This is the third installment of our new Designing Women series. Previously, we profiled Marianne Brandt and Belle Kogan.
Nanda Vigo's website is a great place to start a cosmic journey—UFOs streak across the page, stars ricochet, intergalactic transmissions ping to life, and your navigation button is an icon of the USS Enterprise. Much like Vigo's physical creations, it's an idiosyncratic exploration of the future with a dash of pop culture.
Nanda Vigo surrounded by her designs. Photo by Gabriele Basilico
Vigo, who is now 79 years old and still working, has been pursuing designs based on something she calls "chronotopical" theory—from the Greek for "time-space"—since starting her Milan-based studio in 1959. I can't pretend to entirely understand her theory (it has to do with "the continuous and complete understanding of man beyond the form," if that helps); suffice to say that Vigo wants to activate and enhance the viewer's sensory perception of space and time—often through the use of industrial materials like glass, mirror and neon.
Over her six-decade career, Vigo's work has spanned light fixtures, interiors, architecture, furniture and conceptual light-art installations. Her earliest works from the 1960s, called Cronotops, are structures of glass, aluminum, mirror and neon that reflect and diffract light. With these works, she found a kinship with the German group Zero and its worldwide network of artists, who sought to redefine the post–World War II visual landscape. (For more on Zero, see the Guggenheim's recent exhibition ZERO: Countdown to Tomorrow, 1950s–60s, which included Vigo's Cronotops.)
Aluminum and glass Cronotop, 1963
Beginning in the late '60s, Vigo began to take on commercial lighting commissions, including several light fixtures for Kartell; acclaimed designs for Arredoluce like the Golden Gate, Iceberg and Utopia fixtures; and, in the '80s, her Light Trees for Lumi.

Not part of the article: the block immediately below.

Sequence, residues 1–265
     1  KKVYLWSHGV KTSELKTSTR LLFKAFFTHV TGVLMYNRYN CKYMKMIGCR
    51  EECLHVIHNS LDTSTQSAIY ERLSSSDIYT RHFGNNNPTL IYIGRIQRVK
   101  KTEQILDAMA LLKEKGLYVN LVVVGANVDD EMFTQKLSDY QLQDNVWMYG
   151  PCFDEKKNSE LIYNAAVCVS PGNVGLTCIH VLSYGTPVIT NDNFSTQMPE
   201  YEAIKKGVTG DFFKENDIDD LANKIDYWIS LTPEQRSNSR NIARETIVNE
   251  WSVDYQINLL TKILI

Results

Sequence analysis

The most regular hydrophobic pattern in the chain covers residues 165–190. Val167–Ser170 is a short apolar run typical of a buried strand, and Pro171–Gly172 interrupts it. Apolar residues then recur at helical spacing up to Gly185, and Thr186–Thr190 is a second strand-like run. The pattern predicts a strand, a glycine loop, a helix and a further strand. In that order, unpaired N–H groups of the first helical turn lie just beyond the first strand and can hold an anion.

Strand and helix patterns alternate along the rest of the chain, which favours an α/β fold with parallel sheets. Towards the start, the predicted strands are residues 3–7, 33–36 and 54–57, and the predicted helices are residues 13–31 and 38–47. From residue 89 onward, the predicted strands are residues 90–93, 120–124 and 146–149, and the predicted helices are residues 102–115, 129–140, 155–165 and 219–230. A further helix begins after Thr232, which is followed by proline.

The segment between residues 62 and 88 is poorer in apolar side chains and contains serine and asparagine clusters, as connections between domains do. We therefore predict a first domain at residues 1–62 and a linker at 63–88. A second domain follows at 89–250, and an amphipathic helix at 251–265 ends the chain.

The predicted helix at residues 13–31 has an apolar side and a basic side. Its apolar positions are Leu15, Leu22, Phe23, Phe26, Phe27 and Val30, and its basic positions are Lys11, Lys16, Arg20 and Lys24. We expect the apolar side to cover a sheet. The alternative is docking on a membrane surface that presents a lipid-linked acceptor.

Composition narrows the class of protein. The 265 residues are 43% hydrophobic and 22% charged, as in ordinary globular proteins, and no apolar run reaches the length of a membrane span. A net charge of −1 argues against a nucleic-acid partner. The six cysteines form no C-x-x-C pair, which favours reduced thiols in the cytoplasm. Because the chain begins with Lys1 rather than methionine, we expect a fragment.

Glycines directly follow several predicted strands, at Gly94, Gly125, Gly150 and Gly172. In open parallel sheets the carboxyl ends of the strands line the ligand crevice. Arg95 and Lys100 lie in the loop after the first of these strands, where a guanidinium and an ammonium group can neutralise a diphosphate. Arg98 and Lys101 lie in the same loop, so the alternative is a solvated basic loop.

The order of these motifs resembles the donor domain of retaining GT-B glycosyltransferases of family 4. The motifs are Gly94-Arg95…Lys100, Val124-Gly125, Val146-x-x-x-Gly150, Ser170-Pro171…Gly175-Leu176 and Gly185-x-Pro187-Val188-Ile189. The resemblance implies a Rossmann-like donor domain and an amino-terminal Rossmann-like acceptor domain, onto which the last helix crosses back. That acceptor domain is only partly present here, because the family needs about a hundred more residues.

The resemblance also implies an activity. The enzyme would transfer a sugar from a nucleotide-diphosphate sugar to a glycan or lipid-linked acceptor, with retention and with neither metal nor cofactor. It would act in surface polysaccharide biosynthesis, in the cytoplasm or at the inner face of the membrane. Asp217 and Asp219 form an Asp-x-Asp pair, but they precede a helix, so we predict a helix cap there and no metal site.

A pair of Golden Gate light fixtures for Arredoluce, installed in Vigo's interior for La Casa Che Non C'e, 1972
Tables, chairs, mirrors, rugs and household objects would follow, all of them imbued with Vigo's space-age eclecticism. Standouts included a sleek suite of glass-and-mirror furniture for FAI International and the tubular-steel-and-faux-fur Due Più chairs for Conconi.
A table and chair from the Top collection, manufactured by FAI International, 1970 Vigo's Mobile Sound credenza for FAI International, 1970 The Mobile Sound credenza with all of its compartments open A pair of Due Più (translation: "Two More") chairs manufactured by Conconi, 1971
Vigo also applied her radical vision to architecture and interior commissions, most famously in a museum-home in Lido di Spina, Italy, for the artist and collector Remo Brindisi. Domus called the structure a "dwelling museum," as it allowed Brindisi to live amongst his collection of 1,800 works of contemporary art—displayed in Vigo's appropriately avant-garde setting of white-tiled walls, mirrors, neon lights and mirrored furniture.
The central rotunda exhibition/living space of Casa Museo Remo Brindisi, designed by Nanda Vigo, 1971–73 Ground floor plan of Casa Museo Remo Brindisi, published in Domus, February 1974
Arguably, her grooviest commission was an interior for a 1964 Gio Ponti house named Lo Scarabeo Sotto La Foglia (The Beetle Under the Leaves). Here, her signature white-tiled walls and floors created a monochromatic backdrop for interior elements clad in so much shaggy fur that they could be mistaken for props from the set of Barbarella. Other interiors completed by Vigo expanded on this monochromatic theme, limiting each space to a single color.
Circular fur-clad staircase inside Lo Scarabeo Sotto La Foglia, Malo, Italy, 1965–68 A view of the staircase from above, and an equally furry seating arrangement Monochromatic design for La Casa Blu, Milan, 1967–71
Still creating and exhibiting today, Vigo showed her latest series of light art, Deep Space, earlier this year in Genoa, alongside some of her older pieces. Her multidisciplinary work continues to unveil new universes of experience, or as one critic recently put it, "vibrations of the invisible world."